Today’s post was written by Igor Peev, senior program manager on the Power Map for Excel team.
On February 19th, I received an email from Vice President Joe Biden. I have never had the pleasure to meet our Vice President and I was a little surprised. The email looked legit and not like a phishing scam. The subject of the email was “Good Job.” I figured the email was sent to millions of people and I was one of them, but because I like compliments, I opened it.
The first sentence in the email read, “This time of year, I like to break out a little saying: Don’t tell me what you value, show me your budget and I’ll tell you what you value.” I searched the web for “White House budget dataset,” and found just the thing I was looking for. The dataset containing the information about the White House 2016 budget announcement was posted as a budauth.CSV file on GitHub.
The site stated, “Each year, after the President’s State of the Union address, the Office of Management and Budget releases the Administration’s Budget, offering proposals on key priorities and newly announced initiatives. This year we are releasing all of the data included in the President’s Fiscal Year 2016 Budget in a machine-readable format here on GitHub. The Budget process should be a reflection of our values as a country, and we think it’s important that members of the public have as many tools at their disposal as possible to see what is in the President’s proposals. And, if they’re motivated to create their own visualizations or products from the data, they should have that chance as well.”
Reading this was very exciting because I did not expect it to be that easy. And what a great way to invite the public to an open dialog about spending—here is the data showing how money is spent by different agencies over a number of years. This was an open invitation to explore the data and to visualize it.
Using Power Map to explore the U.S. federal budget
I started thinking how this may work in Power Map and about the different ways the information can be presented. I decided to experiment and my first idea was to work with that data in the format and layout in which the government delivered the information. The data in the budauth.csv file published on GitHub was in cross-tabular format and I assumed this choice was intentional.
First, I took the raw data and built a 3D data visualization tour of it ‘as is.’ The financing of the U.S. government is actually a lot more complicated and to build a realistic picture one needs to do a lot more work in adding and adjusting the raw data. The data in budauth.csv was structured so that a human can consume it even without manipulating it. In its raw form there are some 4443 rows and 57 columns in the budauth.csv, so not necessarily an easy task, but easy to navigate. My initial tour can be used as a foundation to present a view of the data adjusted for inflation and reflects how the positive and negative numbers must be interpreted.
From there I realized that if I wanted to find something specific I could. For example, if I wanted to browse spending for Social Security, I could just filter to the agency name and scroll right to see the years.
I imagined how this would look in 3D and got to work on un-pivoting the big table. My friend Chad Rothschiller, a senior program manager who worked many years on the Excel team lent his expertize. In short time we had a solid set of data that could be visualized in Power Map as long as it had X and Y coordinates.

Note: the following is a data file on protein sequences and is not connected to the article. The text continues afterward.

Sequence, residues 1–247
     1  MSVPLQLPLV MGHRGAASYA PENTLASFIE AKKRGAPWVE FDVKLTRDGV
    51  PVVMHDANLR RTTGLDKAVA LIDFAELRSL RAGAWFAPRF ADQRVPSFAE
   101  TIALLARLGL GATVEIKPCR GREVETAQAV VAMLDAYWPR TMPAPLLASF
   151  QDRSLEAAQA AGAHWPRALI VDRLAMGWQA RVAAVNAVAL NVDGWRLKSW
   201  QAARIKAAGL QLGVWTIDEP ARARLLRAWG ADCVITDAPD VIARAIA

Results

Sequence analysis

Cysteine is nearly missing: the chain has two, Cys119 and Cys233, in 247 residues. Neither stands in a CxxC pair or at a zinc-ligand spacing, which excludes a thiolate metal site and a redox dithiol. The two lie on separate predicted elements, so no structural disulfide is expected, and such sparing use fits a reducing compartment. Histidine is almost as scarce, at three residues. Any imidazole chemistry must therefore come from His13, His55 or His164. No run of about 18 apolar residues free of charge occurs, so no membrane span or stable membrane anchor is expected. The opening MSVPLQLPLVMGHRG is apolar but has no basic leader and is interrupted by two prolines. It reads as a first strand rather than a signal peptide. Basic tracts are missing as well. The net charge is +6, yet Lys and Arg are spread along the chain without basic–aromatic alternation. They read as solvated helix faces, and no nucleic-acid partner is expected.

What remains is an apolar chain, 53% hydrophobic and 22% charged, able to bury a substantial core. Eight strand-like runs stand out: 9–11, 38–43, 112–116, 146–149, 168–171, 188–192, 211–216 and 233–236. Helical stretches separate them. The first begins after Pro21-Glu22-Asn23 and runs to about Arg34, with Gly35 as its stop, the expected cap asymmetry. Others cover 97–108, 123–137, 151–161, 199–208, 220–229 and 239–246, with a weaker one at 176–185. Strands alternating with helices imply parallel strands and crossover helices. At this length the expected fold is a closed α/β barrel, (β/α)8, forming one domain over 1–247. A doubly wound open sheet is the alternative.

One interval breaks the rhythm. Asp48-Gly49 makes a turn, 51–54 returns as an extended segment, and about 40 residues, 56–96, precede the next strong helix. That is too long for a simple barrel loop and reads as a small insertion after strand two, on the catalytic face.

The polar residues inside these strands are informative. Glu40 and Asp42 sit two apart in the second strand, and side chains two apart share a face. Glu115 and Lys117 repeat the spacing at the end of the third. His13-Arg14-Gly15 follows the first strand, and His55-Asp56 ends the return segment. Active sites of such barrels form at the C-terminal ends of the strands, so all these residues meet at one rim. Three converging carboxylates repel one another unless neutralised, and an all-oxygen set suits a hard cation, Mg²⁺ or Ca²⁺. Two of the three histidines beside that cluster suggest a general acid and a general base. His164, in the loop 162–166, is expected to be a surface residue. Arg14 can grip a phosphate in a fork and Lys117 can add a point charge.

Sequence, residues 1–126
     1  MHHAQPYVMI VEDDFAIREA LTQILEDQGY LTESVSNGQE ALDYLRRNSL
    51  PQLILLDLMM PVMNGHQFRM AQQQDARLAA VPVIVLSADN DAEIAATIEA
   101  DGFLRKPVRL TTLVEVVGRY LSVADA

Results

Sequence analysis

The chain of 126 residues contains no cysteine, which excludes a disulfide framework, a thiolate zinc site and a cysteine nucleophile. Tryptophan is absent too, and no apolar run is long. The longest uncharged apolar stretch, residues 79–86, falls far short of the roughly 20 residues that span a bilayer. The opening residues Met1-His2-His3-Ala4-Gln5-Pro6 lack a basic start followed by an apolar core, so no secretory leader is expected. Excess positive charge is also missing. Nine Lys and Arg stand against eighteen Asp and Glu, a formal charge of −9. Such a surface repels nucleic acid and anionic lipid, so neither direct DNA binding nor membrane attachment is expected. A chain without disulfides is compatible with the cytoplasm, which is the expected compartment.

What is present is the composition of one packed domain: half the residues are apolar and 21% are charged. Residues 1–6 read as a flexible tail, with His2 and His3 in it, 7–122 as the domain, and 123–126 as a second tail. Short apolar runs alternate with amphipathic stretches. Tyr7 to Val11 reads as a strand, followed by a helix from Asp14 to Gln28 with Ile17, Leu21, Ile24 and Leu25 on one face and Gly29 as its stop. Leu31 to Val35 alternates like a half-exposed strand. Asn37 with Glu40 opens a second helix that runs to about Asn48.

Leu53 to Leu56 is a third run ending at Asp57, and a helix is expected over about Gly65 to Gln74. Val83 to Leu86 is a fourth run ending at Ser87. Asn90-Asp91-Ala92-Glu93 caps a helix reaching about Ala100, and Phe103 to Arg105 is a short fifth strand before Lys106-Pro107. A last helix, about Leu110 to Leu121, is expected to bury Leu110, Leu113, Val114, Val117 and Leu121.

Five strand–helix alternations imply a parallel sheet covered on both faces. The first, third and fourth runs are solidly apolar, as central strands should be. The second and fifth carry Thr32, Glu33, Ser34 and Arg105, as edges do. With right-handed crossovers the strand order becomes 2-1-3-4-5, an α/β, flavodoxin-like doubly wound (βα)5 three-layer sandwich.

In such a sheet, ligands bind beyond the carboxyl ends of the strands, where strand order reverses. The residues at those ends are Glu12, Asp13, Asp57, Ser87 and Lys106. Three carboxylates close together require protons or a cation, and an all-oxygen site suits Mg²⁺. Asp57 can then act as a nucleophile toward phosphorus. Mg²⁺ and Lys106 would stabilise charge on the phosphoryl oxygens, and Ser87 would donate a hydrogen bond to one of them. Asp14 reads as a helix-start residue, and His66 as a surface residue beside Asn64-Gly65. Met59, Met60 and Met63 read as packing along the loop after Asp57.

I used the original format using sequential numbers for the rows, which are in the ‘ID’ column. I then made a calculated column converting years into numbers. I decided to use the =DAYS360(DATE(2020,1,1),[@YearAsDate] function because this way you can reuse this example to make visualizations in Power Map for events that happen on a day-to-day basis rather than a yearly basis. In this case, there are only 44 distinct vales for Y mapping to the 44 years in the columns.
Next, I set out to make a couple of images that I used as Custom Maps. One was a rough representation of the original layout of the data and the second one I made after I made a version of the data pivoted by Agency name and then by year.
This second image below allowed for the final scenes in the video where all spending by a particular agency is aggregated in a single column in a particular year. The details on how the data was un-pivoted are in the workbook. There are worksheets in the workbook that show how to make the images used as the Custom Maps as well. The best part about this visualization of the budget is interacting with it. You will really get a lot more out of it if you allow for some time and just filter the different scenes.
For example, if you filter out the Value field, which represents spending or deficit to show positive values below $20 billion dollars, you will be able to explore the agencies that are not as big and not visible in the initial scenes. Also, I tried finding outliers using the Data Card feature to customize further if needed and then searched with Bing to find more context about them. That’s how I was able to identify the Savings and Loan crisis in the 1990s and the Hurricane Katrina spending in 2005 in the budget of Homeland Security.
The value of 3D here is really the interaction and the very quick summary of a significant and complicated dataset.
I also explored other ways to visualize the data, such as this 2D version, done using the Bubble charts and simply looking directly down:
It is easy to explore and discover insights and then it is easy to make a video showing your findings. Please feel free to explore, create and post more tours as videos on your favorite video sharing site and tweet them back at us @MSPowerMap. You can download the workbook and get started here.
Power Map for Excel is available with any Office 365 subscription that includes Office desktop apps. To use Power Map, open Excel and go to Insert > Map.